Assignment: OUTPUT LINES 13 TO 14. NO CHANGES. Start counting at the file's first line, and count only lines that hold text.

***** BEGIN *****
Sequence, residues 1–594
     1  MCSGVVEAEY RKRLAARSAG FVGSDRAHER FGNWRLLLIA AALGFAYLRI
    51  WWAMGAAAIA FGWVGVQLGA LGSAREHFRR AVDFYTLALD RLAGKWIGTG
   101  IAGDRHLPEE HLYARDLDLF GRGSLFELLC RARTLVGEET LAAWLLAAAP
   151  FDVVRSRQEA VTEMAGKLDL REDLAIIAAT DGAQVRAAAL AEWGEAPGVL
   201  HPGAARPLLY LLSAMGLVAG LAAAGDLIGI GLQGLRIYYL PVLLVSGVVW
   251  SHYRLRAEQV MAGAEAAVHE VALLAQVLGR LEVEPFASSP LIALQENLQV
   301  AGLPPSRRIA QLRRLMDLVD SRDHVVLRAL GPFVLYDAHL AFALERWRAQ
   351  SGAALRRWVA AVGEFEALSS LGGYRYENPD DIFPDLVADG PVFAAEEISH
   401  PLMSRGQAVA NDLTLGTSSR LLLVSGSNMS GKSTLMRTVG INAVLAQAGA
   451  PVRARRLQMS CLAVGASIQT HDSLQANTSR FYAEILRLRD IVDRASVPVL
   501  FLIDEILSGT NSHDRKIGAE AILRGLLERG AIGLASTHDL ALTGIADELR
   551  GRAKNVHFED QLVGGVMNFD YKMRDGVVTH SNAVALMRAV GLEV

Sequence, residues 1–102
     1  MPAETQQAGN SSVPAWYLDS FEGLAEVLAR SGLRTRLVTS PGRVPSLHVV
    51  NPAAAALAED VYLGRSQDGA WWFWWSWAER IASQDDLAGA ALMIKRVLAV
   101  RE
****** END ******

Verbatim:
   551  GRAKNVHFED QLVGGVMNFD YKMRDGVVTH SNAVALMRAV GLEV

Sequence, residues 1–102